What is Intimate Partner Violence (IPV)?Any behavior meant to cause psychological, physical, or sexual harm within a personal relationship is defined as IPV. The exact type of behaviors, the rate at which they occur, and their impact are all variables. Statistically, within IPV, various types of abuse are intertwined and can lead to many economic, physical, and psychological consequences.
Types of AbuseIPV is typically connected to other forms of abuse. Most cases of abuse don’t even begin with violence but with other behaviors present in the relationship. Common abusive behaviors exhibited in intimate partner relationships may include:
- Psychological abuse — Often termed verbal or emotional abuse, the abuser may use verbal or nonverbal means to isolate, frighten, or exhibit control over the abused. This is often done with gaslighting, saying, and doing things to harm the other person emotionally or mentally through manipulation.
- Sexual violence — This is the attempt or act of touching, non-physical communication or attempting to force someone into taking part in any sexual acts against their will.
- Physical aggression/violence — This is often not the first type of violence or abuse to be noticed, but it may be the first type of abuse the victim notices. Behaviors may include throwing items, punching walls, breaking things, hitting, kicking, or any other form of physical force against another person.
- Stalking — This describes repeated unwanted attention by someone that causes one to feel fearful or question their safety.
ImpactMore than 60 million women and 50 million men in the U.S. have reported psychological aggression by a partner. Worldwide, approximately 38 percent of murders are committed by a male partner, and up to 852 million women report being abused. Of the nearly 5,000 female victims of murder and non-negligent manslaughter in 2021, 34 percent were killed by an intimate partner. Other consequences of IPV include: Mental Health
- Insomnia/sleep difficulties
- Suicidal ideation
- Traumatic brain injury
- Arterial dissection
- Higher incidences of alcohol consumption, smoking, intravenous drugs or generalized substance use
- Chest pain
- Heart disease
- Pelvic pain
- Vaginal infections (recurrent)
- Pregnancy (unintended/unwanted)
- Higher risk of labor and birth adverse outcomes, such as preterm birth or low birth weight
- Cervical cancer
- Increased risk of sexually transmitted infections (STIs)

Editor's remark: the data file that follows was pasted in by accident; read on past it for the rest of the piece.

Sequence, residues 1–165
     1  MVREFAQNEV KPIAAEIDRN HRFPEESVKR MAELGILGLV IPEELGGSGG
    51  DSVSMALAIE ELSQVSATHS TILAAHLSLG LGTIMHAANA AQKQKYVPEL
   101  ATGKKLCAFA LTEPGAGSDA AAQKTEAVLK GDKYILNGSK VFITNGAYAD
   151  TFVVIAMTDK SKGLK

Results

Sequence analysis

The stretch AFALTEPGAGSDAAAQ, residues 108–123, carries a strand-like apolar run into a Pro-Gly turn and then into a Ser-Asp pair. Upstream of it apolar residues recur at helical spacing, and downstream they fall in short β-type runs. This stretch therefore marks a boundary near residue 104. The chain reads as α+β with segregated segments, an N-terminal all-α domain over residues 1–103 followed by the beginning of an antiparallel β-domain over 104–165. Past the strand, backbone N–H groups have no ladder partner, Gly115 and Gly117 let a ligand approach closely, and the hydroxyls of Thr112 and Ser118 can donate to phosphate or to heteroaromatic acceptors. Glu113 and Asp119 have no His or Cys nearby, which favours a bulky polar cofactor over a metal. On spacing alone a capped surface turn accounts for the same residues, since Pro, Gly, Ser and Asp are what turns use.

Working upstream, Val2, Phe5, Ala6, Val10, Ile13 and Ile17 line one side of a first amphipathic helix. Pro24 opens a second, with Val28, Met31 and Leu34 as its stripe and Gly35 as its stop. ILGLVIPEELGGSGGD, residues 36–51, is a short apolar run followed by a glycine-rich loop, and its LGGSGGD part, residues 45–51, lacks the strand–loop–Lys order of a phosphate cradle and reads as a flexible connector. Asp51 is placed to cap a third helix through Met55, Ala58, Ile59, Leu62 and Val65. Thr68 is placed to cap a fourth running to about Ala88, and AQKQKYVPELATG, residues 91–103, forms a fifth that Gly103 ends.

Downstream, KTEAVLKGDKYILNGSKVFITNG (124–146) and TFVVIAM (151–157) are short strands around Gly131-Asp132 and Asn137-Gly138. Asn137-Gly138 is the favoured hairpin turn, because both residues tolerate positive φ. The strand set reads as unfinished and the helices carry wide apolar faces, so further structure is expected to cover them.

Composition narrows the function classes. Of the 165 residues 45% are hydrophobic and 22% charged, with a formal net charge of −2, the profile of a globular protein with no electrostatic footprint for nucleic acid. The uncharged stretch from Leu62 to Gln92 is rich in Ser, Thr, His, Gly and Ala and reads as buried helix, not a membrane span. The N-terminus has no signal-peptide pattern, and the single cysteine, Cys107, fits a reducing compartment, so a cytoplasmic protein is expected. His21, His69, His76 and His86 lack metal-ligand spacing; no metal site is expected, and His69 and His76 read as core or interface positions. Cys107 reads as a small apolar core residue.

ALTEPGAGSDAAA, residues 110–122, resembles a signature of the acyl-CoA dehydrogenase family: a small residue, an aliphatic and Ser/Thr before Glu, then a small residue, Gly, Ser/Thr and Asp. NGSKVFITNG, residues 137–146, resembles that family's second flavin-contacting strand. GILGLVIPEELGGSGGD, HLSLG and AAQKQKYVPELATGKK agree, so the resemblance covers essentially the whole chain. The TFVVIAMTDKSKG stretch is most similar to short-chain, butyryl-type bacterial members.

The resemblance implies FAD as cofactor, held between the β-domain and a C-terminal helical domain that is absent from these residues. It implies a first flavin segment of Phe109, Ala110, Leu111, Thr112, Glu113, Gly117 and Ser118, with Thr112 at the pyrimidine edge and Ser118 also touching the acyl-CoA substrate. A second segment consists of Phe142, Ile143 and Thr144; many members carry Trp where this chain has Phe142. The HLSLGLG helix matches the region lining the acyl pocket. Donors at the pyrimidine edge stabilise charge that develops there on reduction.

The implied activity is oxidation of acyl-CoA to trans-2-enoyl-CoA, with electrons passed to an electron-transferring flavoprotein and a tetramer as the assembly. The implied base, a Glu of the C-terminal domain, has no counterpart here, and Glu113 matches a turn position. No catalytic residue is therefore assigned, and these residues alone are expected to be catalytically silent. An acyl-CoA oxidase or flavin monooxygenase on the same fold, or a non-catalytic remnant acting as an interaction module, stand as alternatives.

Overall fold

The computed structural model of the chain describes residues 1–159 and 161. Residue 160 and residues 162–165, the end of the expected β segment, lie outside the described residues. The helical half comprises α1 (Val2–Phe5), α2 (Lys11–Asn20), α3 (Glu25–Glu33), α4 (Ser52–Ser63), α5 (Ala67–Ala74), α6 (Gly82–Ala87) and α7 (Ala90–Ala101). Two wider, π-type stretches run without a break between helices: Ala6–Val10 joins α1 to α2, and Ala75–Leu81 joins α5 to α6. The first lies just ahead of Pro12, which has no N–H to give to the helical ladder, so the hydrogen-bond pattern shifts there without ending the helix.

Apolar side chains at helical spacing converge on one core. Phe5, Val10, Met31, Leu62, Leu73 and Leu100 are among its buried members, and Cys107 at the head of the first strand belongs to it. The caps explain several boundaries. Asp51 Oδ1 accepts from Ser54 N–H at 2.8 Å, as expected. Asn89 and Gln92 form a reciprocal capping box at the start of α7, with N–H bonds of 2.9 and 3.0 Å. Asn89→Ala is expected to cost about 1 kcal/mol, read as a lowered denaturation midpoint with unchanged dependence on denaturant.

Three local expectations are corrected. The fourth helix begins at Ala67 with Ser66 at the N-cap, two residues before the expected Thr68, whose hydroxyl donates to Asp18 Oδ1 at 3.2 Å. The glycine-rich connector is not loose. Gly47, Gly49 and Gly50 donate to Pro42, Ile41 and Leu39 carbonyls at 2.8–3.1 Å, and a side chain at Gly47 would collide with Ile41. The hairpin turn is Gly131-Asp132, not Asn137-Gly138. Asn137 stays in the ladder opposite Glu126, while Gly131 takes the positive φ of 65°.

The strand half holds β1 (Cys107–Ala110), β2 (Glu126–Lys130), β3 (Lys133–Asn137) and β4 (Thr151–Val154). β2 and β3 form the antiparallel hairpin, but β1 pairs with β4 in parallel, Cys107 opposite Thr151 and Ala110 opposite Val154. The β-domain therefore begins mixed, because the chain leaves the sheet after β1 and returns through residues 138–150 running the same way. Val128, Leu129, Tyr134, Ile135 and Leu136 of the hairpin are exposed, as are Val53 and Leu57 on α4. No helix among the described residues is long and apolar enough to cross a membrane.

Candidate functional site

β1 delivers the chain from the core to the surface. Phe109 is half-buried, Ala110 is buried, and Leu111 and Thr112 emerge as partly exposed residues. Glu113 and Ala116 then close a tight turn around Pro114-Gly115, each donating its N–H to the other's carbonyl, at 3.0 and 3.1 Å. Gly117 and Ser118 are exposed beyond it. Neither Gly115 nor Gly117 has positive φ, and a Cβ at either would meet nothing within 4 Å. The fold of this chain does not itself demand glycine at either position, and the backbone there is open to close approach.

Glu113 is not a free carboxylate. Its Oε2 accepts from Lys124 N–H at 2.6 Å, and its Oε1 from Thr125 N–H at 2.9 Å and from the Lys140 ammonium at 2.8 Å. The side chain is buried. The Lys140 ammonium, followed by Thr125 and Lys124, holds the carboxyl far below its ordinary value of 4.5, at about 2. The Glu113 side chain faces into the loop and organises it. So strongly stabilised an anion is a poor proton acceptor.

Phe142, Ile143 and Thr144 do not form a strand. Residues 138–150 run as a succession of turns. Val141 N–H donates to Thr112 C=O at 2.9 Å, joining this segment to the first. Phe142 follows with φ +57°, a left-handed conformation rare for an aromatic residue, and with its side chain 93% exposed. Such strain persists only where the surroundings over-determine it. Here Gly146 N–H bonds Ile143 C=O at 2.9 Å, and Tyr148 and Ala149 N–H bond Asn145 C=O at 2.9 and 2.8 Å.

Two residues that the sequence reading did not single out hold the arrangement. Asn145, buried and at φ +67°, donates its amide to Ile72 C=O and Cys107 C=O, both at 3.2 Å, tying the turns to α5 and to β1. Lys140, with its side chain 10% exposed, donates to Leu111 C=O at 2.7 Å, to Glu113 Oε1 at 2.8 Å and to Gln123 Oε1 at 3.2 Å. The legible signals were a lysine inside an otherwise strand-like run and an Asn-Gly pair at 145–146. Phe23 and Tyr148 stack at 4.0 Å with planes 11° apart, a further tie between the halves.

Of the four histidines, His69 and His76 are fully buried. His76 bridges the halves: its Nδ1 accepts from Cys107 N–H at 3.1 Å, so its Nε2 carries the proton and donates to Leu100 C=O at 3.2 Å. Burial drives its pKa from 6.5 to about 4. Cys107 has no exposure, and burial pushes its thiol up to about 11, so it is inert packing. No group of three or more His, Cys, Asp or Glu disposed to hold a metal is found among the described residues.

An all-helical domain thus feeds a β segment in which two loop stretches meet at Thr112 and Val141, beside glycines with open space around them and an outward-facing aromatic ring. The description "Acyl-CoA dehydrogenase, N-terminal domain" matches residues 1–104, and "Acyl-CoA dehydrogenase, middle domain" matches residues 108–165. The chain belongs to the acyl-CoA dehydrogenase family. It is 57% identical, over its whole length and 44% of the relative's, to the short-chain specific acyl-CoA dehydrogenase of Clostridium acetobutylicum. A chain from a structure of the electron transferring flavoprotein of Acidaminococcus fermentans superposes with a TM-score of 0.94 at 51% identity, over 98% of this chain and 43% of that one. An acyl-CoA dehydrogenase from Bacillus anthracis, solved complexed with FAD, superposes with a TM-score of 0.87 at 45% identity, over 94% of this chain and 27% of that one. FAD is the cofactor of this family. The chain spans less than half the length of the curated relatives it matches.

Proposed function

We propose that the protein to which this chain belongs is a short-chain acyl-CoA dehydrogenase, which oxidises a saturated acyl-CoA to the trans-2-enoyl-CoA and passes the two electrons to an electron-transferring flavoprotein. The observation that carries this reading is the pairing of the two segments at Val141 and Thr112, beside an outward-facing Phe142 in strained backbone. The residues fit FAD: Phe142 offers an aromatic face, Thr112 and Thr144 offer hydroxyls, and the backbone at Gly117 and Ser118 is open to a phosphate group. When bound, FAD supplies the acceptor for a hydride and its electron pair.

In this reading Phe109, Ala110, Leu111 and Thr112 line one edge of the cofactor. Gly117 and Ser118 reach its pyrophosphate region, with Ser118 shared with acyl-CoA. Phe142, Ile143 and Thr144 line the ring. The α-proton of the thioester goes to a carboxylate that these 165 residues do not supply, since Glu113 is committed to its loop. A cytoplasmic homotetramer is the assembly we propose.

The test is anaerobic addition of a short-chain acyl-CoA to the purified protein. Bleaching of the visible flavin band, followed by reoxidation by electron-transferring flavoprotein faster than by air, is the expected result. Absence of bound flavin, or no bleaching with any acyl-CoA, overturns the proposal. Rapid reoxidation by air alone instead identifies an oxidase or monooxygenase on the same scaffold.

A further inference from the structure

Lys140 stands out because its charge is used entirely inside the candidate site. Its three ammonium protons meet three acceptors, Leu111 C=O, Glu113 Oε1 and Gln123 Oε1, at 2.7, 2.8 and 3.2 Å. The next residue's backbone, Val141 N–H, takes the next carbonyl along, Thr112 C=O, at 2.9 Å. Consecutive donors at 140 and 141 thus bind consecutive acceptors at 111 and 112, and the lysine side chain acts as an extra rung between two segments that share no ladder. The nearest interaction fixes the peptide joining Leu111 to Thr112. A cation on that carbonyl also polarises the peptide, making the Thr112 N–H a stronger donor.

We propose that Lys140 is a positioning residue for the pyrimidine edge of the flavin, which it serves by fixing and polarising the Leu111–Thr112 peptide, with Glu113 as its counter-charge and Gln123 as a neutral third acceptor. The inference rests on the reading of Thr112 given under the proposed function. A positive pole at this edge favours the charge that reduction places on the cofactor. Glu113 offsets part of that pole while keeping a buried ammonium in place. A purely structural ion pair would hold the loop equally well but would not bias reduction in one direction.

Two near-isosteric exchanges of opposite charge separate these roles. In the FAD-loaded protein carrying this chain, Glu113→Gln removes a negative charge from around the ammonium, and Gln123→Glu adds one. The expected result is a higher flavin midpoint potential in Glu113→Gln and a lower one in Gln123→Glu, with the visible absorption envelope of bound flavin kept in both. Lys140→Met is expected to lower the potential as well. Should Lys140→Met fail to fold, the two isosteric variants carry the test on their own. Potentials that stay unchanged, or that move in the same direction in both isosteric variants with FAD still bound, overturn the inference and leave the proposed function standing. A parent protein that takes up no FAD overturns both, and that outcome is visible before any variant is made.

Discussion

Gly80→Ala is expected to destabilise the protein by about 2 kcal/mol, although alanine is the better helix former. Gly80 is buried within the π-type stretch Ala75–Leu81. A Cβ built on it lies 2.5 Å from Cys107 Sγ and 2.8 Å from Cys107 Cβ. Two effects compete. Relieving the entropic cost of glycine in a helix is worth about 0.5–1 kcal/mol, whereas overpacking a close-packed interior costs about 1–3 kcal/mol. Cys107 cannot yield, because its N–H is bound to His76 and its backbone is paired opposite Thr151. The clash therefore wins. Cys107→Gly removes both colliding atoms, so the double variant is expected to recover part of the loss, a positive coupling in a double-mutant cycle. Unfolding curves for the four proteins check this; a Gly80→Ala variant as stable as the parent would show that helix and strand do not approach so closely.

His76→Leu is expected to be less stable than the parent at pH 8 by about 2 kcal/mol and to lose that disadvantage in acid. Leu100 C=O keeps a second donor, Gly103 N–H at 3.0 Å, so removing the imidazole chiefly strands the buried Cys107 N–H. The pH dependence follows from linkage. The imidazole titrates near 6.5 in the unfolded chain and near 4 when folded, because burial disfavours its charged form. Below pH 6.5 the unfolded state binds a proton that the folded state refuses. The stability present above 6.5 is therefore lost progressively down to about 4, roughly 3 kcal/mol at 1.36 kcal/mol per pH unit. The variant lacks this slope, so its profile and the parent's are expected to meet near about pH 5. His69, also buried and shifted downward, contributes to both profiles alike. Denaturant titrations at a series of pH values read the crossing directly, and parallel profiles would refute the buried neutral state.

- Human immunodeficiency virus (HIV)
- Chronic pain
- Liver failure
- Musculoskeletal problems
- Kidney and/or urinary problems
- Respiratory illnesses
- Gastrointestinal conditions
Healthcare ResponseThe needs of the patient experiencing IPV will vary from patient to patient. This may differ from what a clinician may expect to see or be prepared to offer during the patient encounter. Healthcare professionals, however, must educate themselves on IPV, their state-specific laws regarding IPV, mandated reporting requirements, and available resources to provide to patients that choose to accept them when they come through the doors of a clinical setting.
National ProtocolClinicians will encounter patients experiencing IPV in all clinical settings. The National Protocol for Intimate Partner Violence Medical Forensic Examinations provides guidance and tools for all clinicians when caring for patients that disclose experiencing intimate partner violence. The U.S. Department of Justice Office on Violence Against Women (OVW), in partnership with the International Association of Forensic Nurses (IAFN), recently released the landmark National Protocol for Intimate Partner Violence Medical Forensic Examinations. This is the first evidence-based guidance with best practice recommendations for clinicians in various settings. It can be used to develop policies and procedures regarding intimate partner violence medical forensic examinations. An interactive version of the protocol, with ready-to-use tools and expanded resources, is available here. A Medical forensic examination should be offered to all patients experiencing IPV, not limiting the exam to only those that experience sexual assault or strangulation as an incident of their abuse. The medical forensic examination is a comprehensive assessment that prioritizes the patient’s health and well-being while planning for or preserving information for potential use by the legal system. Components of a medical forensic examination include:
- Gather a forensic medical history
- Complete physical assessment
- Treatment of injuries
- If there are other healthcare concerns, be sure to address each and provide the necessary care
- Gather samples for evidence
- Photo Documentation of findings
- Written documentation of the patient’s encounter
- Safety planning, discharge instructions that include targeted referrals tailored to meet the patient’s needs